We also milled the last foam core milling molds. For the wings, it was quite some machining time! It was possible to fit the wing core into a 10 mm thick rohacell board. One board with standard size 1250 x 625 will give us 2 sets of wing cores and 4 sets of tails. Considering the price of rohacell, this is quite an effective use of material. And you get one spare set of tails for the event of damages 😉

We designed the aileron horn and made some 3d-printed test parts from carbon-fiber reinforced filament. They are really stiff and strong. The possibility of 3d-printed parts is attractive! The parts are printed with 0.03 mm layer height and they have a better quality than the laser sintered parts that I see at my job. However, a molded part is even better. By the way, it is a fork connection system. We liked the idea of having a quick installation of the wing without sacrificing much aerodynamic drag.

We already built a prototype of the fin from 3d-printed ABS molds. It is a great way to get some molded prototypes! We were not sure, if the idea to have a hexagonal insert for the fuselage will work. But it worked out fine. As weight (5,64g) and geometry were pleasant, we moved on and milled the fin mastermolds.

We have built some throwing pegs from a 3d-printed mold. 3d-printing molds is quite easy and I am sure we will keep experimenting with peg geometries. Everybody has a different hand size and different fingers and so we could make quite a range of customized pegs.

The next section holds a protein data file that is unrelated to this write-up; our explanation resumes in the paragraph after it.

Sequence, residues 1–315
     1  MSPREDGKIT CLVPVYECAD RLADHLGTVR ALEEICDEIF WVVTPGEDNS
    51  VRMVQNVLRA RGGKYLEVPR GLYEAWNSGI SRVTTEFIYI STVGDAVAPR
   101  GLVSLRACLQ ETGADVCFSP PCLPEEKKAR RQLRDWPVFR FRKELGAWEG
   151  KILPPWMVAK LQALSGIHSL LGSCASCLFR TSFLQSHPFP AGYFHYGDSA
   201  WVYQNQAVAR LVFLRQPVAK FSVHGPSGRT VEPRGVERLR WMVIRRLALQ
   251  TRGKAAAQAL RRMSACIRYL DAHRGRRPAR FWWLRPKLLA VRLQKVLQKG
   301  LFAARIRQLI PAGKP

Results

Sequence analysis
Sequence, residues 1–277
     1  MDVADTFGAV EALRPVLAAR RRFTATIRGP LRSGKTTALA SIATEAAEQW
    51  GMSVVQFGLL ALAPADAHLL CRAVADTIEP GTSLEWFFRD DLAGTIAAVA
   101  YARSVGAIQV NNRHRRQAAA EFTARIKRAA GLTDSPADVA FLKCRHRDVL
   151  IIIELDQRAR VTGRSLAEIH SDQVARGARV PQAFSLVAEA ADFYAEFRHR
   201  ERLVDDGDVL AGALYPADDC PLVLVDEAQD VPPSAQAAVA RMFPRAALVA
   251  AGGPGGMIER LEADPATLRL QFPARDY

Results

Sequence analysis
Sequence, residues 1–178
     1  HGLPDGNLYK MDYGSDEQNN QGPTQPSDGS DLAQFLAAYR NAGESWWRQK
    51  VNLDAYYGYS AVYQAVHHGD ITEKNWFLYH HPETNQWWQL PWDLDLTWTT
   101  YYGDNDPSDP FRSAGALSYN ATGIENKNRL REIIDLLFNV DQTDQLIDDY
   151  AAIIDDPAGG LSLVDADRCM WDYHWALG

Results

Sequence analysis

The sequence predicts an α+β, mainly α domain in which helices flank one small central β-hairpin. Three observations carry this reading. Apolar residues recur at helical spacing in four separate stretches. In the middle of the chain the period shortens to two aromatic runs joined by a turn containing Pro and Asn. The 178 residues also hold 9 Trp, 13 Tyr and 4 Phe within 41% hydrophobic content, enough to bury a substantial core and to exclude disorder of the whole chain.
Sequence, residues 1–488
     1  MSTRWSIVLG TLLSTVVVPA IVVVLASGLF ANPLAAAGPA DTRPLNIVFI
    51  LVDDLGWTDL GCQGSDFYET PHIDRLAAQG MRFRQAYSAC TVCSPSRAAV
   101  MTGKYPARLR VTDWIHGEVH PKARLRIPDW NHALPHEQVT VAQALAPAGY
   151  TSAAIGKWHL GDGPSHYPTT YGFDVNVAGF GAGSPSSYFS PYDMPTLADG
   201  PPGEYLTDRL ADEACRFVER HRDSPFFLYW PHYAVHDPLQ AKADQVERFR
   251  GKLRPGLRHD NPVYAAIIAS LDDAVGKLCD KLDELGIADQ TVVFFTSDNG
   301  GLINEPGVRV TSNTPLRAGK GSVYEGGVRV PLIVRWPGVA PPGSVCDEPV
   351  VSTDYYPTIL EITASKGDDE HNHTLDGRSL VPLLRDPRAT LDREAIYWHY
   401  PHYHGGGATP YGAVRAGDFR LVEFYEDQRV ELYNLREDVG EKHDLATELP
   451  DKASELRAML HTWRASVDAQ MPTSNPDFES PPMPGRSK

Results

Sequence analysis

Finally, there is great news about further project sponsors! I will make extra posts on this topic to appreciate the support in an adequate way.

I attached a lot of photos from the last weeks. Enjoy!

Best regards, Alex
Last edited by Alex Guffler; Mar 15, 2018 at 05:26 PM.
Mar 15, 2018, 02:18 AM
In F3J size does matter!
roydor's Avatar
Alex,
I love following this thread!
Keep up the good work and keep posting updates of your work.
Thanks for sharing!
Mar 15, 2018, 03:28 AM
1 revolution and throw!
hello Alex,


could you share more info about the third last picture? yellow mold with roving with carbon sock around?
i assume it's the sparjoinder mold ?

i would think you could shed weight from the sparjoiner , sub 4gr should be possible i think with foam core and UD/roving tapered down towards the ends
Mar 15, 2018, 04:58 AM
In F3J size does matter!
roydor's Avatar
Joiner looks like untrimmed length, trimmed it should be half the length and half the weight.
Carbon sock is easy to use but usually comes out a bit heavier.
I made a 2 piece wing joiner that weighed 2.5 grams and was stronger than the wing (wing got stepped on while the model was upside down, broke but the joiner stayed intact)
Mar 15, 2018, 05:51 AM
1 revolution and throw!
Quote:
Originally Posted by roydor
Joiner looks like untrimmed length, trimmed it should be half the length and half the weight.
Carbon sock is easy to use but usually comes out a bit heavier.
I made a 2 piece wing joiner that weighed 2.5 grams and was stronger than the wing (wing got stepped on while the model was upside down, broke but the joiner stayed intact)
2 piece wing joiner ? how does it work?
Mar 15, 2018, 06:57 AM
In F3J size does matter!
roydor's Avatar
Quote:
Originally Posted by krikkens
2 piece wing joiner ? how does it work?
A joiner for a 2 piece wing... I guess a comma could have helped a lot in the original sentence
Mar 15, 2018, 12:32 PM
1 revolution and throw!
Quote:
Originally Posted by roydor
A joiner for a 2 piece wing... I guess a comma could have helped a lot in the original sentence
i assumed that but hoped i could learn something fancy here